Construction company fined over labor violations
BOSTON (Legal Newsline) - Massachusetts Attorney General Martha Coakley announced on Monday that a Wilmington, Mass., construction company and its owner have been ordered to pay restitution and fines for labor violations.
RPM Services Inc. and R. Humphrey, the company's owner, must pay more than $472,000 in restitution and fines for allegedly failing to pay the prevailing wage, misclassifying workers as independent contractors and numerous other wage violations.
"All workers on public construction projects in the state deserve to be paid what they are rightfully owed under the law," Coakley said. "Any employer that has a state or municipal contract must abide by the rules, which includes properly classifying their employees in their records."
Humphrey and RPM allegedly failed to pay more than $104,000 in prevailing wages to 11 employees at 16 public construction projects and failed to pay $105,000 in wages to 13 employees. RPM performs street sweeping, construction work and paving on both private and public projects.
Coakley alleges that Humphrey willfully failed to pay over $4,500 in overtime to five employees and willfully misclassified two employees as independent contractors. Humphrey and RPM have been ordered to pay more than $213,000 in restitution to the affected employees.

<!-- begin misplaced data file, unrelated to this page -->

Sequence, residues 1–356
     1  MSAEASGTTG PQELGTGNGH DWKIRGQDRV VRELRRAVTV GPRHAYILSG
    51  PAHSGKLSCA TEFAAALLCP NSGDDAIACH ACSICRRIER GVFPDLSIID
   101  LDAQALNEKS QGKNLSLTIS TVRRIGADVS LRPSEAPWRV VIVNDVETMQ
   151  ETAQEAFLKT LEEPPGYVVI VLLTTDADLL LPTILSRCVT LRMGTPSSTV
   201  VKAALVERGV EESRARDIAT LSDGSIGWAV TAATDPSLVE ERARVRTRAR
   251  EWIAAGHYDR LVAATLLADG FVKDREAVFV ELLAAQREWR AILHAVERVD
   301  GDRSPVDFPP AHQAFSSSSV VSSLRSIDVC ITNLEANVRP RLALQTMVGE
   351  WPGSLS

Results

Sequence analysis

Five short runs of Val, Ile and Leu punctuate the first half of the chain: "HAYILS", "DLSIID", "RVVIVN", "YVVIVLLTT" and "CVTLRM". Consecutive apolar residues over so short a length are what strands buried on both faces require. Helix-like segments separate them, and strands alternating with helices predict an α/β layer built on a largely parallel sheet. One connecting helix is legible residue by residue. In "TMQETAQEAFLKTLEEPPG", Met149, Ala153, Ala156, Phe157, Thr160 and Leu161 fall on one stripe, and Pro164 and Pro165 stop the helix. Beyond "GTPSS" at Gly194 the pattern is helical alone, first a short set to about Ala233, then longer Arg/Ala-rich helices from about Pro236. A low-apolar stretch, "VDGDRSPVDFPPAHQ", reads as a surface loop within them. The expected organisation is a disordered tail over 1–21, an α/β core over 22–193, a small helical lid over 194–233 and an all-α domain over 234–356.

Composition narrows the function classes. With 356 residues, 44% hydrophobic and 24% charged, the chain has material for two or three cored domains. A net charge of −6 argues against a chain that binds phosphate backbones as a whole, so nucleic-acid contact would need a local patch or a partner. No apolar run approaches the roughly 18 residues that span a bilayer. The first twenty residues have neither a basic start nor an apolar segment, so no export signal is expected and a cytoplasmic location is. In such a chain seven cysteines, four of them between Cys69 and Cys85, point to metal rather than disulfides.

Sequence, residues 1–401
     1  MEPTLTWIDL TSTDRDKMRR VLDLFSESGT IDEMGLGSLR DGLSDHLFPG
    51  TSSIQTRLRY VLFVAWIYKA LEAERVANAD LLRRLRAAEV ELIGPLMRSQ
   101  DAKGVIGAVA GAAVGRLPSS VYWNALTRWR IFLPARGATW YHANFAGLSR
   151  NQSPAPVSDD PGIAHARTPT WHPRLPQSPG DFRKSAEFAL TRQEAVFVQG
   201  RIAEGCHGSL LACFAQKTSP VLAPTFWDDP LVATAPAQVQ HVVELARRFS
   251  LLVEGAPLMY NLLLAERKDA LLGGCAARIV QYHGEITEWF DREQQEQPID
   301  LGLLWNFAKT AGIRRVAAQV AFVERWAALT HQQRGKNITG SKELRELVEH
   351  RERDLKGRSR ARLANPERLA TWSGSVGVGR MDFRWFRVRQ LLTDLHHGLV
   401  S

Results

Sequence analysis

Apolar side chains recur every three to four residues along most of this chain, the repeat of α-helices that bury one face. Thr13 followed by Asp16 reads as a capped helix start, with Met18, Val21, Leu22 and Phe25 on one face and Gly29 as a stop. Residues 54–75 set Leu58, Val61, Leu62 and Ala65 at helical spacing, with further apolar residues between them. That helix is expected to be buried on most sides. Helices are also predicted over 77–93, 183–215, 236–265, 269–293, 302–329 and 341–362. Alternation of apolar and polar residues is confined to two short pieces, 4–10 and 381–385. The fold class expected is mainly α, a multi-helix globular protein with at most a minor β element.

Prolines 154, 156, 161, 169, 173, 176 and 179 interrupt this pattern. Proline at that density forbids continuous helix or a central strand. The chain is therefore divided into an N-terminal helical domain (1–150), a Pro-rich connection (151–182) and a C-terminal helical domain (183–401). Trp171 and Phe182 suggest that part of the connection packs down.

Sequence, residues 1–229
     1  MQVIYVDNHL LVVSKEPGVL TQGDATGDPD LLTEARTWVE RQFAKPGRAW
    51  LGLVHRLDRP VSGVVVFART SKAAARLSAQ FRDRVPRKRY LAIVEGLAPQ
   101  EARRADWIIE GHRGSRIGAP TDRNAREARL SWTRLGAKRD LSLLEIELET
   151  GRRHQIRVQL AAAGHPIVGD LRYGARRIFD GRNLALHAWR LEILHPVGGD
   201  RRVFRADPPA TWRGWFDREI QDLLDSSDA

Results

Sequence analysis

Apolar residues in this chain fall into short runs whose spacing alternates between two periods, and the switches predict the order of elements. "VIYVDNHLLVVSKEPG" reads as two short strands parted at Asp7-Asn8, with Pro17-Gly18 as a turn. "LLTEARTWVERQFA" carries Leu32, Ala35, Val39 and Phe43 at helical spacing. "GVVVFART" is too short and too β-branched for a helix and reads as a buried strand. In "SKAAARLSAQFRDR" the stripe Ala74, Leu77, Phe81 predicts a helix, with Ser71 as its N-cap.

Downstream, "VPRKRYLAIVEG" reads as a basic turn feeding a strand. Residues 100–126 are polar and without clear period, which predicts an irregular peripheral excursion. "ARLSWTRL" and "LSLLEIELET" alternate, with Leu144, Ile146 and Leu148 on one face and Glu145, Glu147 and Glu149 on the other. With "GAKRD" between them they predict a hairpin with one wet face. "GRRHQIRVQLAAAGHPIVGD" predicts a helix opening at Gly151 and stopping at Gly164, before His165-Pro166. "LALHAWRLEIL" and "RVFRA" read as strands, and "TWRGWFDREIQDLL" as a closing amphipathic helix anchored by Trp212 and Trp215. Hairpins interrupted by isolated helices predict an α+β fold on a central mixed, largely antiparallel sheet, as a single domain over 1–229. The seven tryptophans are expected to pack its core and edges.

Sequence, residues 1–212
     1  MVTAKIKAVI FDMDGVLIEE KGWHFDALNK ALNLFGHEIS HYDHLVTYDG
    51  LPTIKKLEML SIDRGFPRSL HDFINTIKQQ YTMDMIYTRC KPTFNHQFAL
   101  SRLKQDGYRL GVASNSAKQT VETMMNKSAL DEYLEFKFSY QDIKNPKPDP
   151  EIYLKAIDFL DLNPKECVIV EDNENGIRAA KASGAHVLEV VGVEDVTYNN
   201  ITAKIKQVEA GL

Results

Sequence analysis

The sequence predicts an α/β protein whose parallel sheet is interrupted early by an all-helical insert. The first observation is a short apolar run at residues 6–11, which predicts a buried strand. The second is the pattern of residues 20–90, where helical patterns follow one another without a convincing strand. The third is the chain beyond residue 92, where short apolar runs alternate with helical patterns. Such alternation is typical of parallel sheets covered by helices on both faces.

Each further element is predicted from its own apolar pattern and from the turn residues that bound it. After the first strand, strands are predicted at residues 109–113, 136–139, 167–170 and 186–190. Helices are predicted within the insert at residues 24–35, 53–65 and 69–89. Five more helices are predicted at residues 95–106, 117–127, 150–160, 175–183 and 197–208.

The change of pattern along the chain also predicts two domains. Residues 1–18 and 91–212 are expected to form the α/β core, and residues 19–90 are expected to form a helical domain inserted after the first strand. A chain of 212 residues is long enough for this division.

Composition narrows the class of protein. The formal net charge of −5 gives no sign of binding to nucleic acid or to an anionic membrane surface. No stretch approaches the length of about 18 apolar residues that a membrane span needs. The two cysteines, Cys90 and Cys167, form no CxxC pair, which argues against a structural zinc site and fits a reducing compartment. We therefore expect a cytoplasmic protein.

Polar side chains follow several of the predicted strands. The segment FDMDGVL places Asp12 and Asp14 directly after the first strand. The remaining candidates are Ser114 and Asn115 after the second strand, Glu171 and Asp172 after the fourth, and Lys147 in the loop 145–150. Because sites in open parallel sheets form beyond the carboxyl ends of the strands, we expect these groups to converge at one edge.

Humphrey also allegedly willfully failed to submit true and accurate certified payroll records to the awarding authorities, failed to submit any certified payroll records to the awarding authorities at 15 projects and failed to keep true and accurate payroll records.
Additionally, Humphrey allegedly failed to furnish certified payroll records to Coakley's office for inspection. Coakley's office has cited Humphrey and RPM a total of $257,500 in fines for the multiple alleged record keeping and wage violations.
Coakley alleges that Humphrey and RPM failed to pay the prevailing wage rate to their employees for work performed on public construction jobs from May 2007 through October 2009.
In addition, Coakley alleges that Humphrey and RPM did not pay employees for all hours worked or for overtime and did not issue pay stubs to any employees who received additional company checks for certain hours worked from October 2006 to October 2009. Coakley also alleges that Humphrey and his company committed additional record keeping violations.